First conviction in UK hacking scandal
A SENIOR British counter-terrorism detective has been found guilty of trying to sell information to Rupert Murdoch’s News of the World tabloid.
Detective Chief Inspector April Casburn was charged with misconduct for allegedly phoning the newspaper and offering to pass on information about whether London’s police force would reopen its stalled phone hacking investigation.
Prosecutors said the newspaper did not print a story based on her call and no money changed hands.
However, they said, she had committed a ‘‘gross breach’’ of public trust by offering to sell the information.
She was accused of trying to ruin the inquiry by leaking information to the press.
Prosecutor Mark Bryant-Heron told the jury Casburn ‘‘sought to undermine a highly sensitive and high-profile investigation at the point of its launch’’ and accused her of malicious behaviour.
Casburn, 53, who managed the Metropolitan Police terrorist financing investigation unit, had denied the charges.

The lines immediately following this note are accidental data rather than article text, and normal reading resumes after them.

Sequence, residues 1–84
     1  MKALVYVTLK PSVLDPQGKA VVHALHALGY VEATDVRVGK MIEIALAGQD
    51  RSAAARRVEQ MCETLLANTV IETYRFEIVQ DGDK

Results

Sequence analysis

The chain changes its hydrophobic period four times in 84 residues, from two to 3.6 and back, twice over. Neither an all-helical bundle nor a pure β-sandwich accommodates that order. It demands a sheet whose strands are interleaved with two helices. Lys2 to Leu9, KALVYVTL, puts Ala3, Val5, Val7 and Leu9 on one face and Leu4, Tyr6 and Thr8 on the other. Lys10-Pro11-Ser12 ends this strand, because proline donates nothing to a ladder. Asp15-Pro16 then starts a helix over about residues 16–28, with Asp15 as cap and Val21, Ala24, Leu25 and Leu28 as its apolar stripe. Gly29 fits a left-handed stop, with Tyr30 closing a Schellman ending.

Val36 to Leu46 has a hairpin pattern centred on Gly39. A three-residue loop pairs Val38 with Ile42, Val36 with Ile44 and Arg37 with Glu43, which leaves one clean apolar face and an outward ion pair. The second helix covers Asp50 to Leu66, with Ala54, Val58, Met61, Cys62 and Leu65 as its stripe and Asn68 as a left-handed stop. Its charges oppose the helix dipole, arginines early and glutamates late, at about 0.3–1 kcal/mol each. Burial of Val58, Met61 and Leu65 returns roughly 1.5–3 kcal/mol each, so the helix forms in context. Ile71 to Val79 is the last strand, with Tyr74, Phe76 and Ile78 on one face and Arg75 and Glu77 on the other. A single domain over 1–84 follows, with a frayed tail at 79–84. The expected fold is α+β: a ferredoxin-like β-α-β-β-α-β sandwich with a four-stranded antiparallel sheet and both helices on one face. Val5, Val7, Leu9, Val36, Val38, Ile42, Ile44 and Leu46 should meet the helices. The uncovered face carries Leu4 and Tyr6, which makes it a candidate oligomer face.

She admitted contacting the newspaper but denied she offered confidential information or sought payment.
Tim Wood, the News of the World news editor who took Casburn’s call, told the court she had expressed concern that counter-terrorism resources were being diverted to the phone hacking investigation.
He said she also complained of interference from former deputy prime minister John Prescott, a hacking victim and vocal Murdoch critic.
Mr Bryant-Heron said during the trial that Casburn’s decision to call the newspaper at the centre of the phone hacking scandal, instead of a competing publication, undermined her claim the tip was altruistic.
Jurors at Southwark Crown Court yesterday found her guilty of one count of misconduct.
She is the first person convicted in the hacking scandal since the police investigation was reopened in 2011.
She will be sentenced later this month.
Associated Press, Bloomberg